Quick Tips 004: Linear Phase EQ

Quick Tips

The fourth entry in our Quick Tips series is all about EQ - linear phase EQ, to be precise. I'm sure many of you have heard of this type of EQ but, like me until very recently, don't really know what makes it different from a regular channel EQ. To further complicate things, these units look pretty much identical to normal EQ devices, often offering the same multi-band notches and shelving functionality. There are crucial differences however, which should have a profound effect on where and when you use this type of EQ module.

The major difference between channel and linear phase EQ is that the latter perfectly preserves the phase of the signal running through it. 'So what'' you might ask and the answer is that shifting the phase of a signal changes the way it sounds, which can either be a good or bad thing depending on the context.

So, regular EQs introduce phase shift to subtler or stronger degrees depending on the model, which colours the sound being passed through them. Linear phase EQs, on the other hand, do not alter phase and thus are deemed to be more transparent i.e. less likely to alter timbre, than their channel counterparts. This makes them ideal candidates for mastering, which is a stage in the production process where you really only want to work on very specific frequency areas of your summed signal without affecting those adjacent.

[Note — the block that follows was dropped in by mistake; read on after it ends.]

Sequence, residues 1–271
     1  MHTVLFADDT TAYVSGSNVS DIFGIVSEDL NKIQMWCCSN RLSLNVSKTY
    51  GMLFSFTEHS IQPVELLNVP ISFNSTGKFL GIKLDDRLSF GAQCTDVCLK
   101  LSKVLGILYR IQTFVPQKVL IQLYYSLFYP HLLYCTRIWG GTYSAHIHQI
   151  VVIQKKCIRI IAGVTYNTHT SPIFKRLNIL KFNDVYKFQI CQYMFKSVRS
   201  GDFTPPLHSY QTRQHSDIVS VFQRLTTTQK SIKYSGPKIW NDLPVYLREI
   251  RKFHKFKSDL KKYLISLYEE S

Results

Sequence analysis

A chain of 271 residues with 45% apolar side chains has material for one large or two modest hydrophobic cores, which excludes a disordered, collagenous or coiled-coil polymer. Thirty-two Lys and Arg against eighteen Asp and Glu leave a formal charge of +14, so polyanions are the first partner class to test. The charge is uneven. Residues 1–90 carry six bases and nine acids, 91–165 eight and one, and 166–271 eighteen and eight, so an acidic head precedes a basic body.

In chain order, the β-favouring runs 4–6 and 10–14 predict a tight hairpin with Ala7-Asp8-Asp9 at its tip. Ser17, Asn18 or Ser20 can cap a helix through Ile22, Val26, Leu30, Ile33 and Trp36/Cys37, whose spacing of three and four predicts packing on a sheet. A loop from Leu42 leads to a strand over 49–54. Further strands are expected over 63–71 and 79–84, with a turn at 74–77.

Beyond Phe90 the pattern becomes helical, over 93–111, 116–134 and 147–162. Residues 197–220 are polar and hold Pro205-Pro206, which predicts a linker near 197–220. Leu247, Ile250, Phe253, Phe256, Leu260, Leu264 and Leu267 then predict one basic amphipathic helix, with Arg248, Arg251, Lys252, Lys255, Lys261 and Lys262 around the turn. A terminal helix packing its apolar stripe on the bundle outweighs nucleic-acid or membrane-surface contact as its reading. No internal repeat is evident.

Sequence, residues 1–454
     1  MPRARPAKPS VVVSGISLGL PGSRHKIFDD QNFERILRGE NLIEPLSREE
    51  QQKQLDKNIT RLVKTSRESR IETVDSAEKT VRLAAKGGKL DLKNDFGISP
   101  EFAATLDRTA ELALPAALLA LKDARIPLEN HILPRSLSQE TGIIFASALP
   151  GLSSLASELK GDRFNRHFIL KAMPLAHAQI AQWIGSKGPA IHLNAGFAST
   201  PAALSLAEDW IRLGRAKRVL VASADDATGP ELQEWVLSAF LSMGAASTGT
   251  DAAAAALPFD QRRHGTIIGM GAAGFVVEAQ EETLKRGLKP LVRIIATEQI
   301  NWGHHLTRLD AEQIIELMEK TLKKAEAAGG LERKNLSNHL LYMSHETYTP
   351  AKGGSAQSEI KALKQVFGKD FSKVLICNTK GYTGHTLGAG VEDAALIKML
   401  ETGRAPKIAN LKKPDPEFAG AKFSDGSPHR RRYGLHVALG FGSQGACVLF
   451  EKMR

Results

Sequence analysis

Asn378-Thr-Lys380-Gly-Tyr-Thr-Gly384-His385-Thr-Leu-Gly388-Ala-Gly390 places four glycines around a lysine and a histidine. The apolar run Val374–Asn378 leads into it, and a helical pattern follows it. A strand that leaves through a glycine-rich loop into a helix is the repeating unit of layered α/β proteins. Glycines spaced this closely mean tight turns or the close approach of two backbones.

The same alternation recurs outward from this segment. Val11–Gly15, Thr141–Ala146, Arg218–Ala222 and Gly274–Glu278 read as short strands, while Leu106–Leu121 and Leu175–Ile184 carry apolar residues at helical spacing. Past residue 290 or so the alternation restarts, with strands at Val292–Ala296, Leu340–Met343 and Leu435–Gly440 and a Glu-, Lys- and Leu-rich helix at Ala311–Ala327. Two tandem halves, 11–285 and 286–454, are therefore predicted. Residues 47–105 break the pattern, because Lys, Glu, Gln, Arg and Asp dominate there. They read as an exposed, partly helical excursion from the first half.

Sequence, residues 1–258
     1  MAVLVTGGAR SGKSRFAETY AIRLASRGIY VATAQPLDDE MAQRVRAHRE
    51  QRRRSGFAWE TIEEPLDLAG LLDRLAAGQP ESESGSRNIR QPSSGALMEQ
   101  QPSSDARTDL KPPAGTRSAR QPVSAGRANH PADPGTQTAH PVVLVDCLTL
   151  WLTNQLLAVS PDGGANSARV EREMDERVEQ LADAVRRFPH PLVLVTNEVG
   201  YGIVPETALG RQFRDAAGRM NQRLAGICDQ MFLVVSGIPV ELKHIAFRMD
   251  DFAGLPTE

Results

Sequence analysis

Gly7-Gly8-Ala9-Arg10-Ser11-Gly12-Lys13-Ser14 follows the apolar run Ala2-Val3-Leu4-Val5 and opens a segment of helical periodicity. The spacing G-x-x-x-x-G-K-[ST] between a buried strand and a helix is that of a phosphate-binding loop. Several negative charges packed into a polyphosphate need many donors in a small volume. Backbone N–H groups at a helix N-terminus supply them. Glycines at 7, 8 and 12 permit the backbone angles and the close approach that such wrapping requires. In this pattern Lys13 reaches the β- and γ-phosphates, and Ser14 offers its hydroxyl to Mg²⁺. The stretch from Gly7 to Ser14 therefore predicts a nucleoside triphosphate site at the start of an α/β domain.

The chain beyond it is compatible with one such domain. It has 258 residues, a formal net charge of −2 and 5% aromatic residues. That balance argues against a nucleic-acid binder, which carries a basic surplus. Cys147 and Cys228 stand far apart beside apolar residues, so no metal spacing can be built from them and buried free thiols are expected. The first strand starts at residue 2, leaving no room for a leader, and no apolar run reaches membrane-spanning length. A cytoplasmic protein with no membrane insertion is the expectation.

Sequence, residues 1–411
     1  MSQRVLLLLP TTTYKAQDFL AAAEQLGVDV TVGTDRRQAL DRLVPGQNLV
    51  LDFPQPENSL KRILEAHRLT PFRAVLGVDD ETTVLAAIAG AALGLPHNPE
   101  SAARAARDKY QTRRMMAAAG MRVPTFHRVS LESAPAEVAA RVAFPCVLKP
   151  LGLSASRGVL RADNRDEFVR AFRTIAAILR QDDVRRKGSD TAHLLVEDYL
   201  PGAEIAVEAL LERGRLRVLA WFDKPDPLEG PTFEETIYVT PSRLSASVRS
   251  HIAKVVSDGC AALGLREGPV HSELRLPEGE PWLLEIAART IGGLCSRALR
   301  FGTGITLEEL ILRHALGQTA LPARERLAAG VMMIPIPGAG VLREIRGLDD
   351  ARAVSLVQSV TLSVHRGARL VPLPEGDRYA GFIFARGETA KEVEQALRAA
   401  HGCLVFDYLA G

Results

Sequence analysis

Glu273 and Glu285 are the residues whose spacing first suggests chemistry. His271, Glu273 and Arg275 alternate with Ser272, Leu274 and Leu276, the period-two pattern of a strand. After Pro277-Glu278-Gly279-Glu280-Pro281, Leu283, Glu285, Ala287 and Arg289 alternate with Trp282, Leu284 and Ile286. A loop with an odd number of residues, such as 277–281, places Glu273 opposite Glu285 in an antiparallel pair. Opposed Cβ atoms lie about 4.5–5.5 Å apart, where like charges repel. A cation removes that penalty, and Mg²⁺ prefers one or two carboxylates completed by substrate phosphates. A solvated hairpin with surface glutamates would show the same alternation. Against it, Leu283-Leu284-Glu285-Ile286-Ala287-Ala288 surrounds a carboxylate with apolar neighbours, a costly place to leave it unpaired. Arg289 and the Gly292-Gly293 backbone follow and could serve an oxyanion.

'Great! So let's use linear phase EQ all the time!' I hear you say but hold your horses there because linear phase EQs introduce more latency into the signal flow than regular EQs. The technology requires more processing, hence a larger delay in the time from the signal going in and coming out of the unit. This renders them pretty inadequate for use during recording and on software instrument channels.

The Lowdown

To recap, linear phase EQ does not affect phase but does introduce latency into the signal flow. This makes it a strong candidate for mastering, as this is typically where you want to change the timbre of your mix the least and is also where latency matters least. Of course, due to the inherent weirdness of all things sonic, you may come across a linear phase EQ that colours your sound in the best possible way, or a channel EQ that introduces loads of latency into your session. So as ever, take the above only as a rough guide - let your ears be the final judge!

Check out the complete Quick Tips series here.


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